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Melatonin modulates neuroinflammation and oxidative stress in experimental diabetic neuropathy: effects on NF-κB and Nrf2 cascades

Authors

  • Geeta Negi,

    1. Molecular Neuropharmacology Laboratory, Department of Pharmacology and Toxicology, National Institute of Pharmaceutical Education and Research (NIPER), Punjab, India
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  • Ashutosh Kumar,

    1. Molecular Neuropharmacology Laboratory, Department of Pharmacology and Toxicology, National Institute of Pharmaceutical Education and Research (NIPER), Punjab, India
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  • Shyam S. Sharma

    1. Molecular Neuropharmacology Laboratory, Department of Pharmacology and Toxicology, National Institute of Pharmaceutical Education and Research (NIPER), Punjab, India
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Address reprint requests to Dr Shyam S. Sharma, Molecular Neuropharmacology Laboratory, Department of Pharmacology and Toxicology, National Institute of Pharmaceutical Education and Research (NIPER), Sec-67, S.A.S. Nagar, Mohali, Punjab 160062, India.
E-mail: sssharma@niper.ac.in

Abstract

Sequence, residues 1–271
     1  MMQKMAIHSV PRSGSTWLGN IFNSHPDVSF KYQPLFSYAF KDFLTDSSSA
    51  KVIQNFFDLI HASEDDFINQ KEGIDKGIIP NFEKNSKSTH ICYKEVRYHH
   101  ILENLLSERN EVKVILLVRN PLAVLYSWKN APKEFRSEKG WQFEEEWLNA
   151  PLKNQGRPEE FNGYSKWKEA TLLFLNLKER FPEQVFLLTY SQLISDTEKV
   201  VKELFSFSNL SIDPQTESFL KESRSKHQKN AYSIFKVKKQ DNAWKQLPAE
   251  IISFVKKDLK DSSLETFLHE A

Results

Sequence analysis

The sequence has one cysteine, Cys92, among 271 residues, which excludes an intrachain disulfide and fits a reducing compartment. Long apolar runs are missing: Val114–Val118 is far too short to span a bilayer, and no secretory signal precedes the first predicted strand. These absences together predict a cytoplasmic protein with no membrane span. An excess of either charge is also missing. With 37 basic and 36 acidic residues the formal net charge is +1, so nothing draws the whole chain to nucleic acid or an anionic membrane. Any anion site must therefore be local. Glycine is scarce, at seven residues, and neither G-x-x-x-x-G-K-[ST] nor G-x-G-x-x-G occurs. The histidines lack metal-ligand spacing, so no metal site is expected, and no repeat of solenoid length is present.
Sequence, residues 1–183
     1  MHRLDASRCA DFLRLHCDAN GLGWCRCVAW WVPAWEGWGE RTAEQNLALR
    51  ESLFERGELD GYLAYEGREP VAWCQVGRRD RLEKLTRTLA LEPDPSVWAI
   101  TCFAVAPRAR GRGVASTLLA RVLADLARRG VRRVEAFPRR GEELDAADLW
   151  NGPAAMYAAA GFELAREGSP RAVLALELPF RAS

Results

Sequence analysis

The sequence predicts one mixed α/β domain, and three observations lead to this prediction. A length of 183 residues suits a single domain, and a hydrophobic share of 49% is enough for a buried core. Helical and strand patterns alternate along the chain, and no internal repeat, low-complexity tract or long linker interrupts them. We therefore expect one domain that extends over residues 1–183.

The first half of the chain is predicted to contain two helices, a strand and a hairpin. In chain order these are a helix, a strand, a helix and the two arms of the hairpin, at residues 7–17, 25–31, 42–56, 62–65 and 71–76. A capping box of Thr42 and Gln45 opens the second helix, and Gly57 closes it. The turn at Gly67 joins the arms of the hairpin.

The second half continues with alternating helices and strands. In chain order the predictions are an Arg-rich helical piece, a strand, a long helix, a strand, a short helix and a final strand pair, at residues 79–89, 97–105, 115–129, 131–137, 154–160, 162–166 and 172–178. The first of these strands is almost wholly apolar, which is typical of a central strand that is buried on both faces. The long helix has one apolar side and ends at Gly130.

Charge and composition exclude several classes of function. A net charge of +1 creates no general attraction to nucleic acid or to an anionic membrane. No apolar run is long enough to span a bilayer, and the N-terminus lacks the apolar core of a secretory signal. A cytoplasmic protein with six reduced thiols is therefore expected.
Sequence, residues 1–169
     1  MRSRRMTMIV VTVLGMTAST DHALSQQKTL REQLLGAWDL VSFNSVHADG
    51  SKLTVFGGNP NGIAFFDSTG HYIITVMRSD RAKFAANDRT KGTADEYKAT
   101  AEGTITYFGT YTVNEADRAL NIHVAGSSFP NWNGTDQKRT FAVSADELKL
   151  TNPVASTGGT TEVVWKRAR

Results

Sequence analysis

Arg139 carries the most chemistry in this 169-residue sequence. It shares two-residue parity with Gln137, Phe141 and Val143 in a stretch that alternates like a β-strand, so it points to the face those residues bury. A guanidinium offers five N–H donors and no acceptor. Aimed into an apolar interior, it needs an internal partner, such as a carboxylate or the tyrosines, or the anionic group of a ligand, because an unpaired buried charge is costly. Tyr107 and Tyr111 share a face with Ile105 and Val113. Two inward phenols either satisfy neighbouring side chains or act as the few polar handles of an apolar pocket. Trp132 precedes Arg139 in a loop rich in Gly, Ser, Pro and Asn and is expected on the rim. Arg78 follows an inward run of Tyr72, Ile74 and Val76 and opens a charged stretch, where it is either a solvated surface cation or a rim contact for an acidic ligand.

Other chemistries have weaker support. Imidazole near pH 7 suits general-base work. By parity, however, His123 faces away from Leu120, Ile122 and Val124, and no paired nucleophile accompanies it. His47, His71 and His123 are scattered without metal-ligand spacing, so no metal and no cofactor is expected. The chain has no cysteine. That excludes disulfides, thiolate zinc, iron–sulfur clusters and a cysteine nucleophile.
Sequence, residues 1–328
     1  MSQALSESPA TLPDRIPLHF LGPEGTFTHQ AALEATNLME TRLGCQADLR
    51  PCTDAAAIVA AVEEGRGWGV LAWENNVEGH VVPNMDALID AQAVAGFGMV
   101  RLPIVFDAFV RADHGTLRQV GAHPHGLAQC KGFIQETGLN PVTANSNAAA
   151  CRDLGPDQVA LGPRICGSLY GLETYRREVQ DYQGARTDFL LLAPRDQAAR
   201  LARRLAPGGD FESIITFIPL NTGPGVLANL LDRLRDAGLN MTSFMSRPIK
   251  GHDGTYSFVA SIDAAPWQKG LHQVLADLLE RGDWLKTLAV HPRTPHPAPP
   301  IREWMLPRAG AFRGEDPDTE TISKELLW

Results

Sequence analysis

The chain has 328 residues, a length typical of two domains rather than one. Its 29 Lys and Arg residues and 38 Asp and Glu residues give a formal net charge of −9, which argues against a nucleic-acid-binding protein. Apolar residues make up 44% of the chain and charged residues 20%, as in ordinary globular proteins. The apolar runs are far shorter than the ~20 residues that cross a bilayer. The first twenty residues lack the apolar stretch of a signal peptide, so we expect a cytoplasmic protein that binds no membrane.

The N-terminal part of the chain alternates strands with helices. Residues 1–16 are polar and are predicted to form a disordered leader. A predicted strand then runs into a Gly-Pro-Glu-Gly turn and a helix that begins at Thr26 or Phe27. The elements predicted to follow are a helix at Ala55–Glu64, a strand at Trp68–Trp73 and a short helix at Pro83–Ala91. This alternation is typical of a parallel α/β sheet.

Abstract:  Melatonin exhibits an array of biological activities, including antioxidant and anti-inflammatory actions. Diabetic neuropathy is one of the complications of diabetes with a prevalence rate of 50–60%. We have previously reported the protective effect of melatonin in experimental diabetic neuropathy. In this study, we investigated the role of nuclear factor-kappa B (NF-κB) and nuclear erythroid 2-related factor 2 (Nrf2) in melatonin-mediated protection against streptozotocin-induced diabetic neuropathy. Melatonin at doses of 3 and 10 mg/kg was administered daily in seventh and eighth week after diabetes induction. Motor nerve conduction velocity and nerve blood flow were improved in melatonin-treated animals. Melatonin also reduced the elevated expression of NF-κB, IκB-α, and phosphorylated IκB-α. Further, melatonin treatment also reduced the elevated levels of proinflammatory cytokines (TNF-α and IL-6), iNOS and COX-2 in sciatic nerves of animals. The capacity of melatonin to modulate Nrf2 pathway was associated with increased heme oxygenase-1 (HO-1) expression, which strengthens antioxidant defense. This fact was also established by decreased DNA fragmentation (because inhibition of excessive oxidant-induced DNA damage) in the sciatic nerve of melatonin-treated animals. The results of this study suggest that melatonin modulates neuroinflammation by decreasing NF-κB activation cascade and oxidative stress by increasing Nrf2 expression, which might be responsible at least in part, for its neuroprotective effect in diabetic neuropathy.

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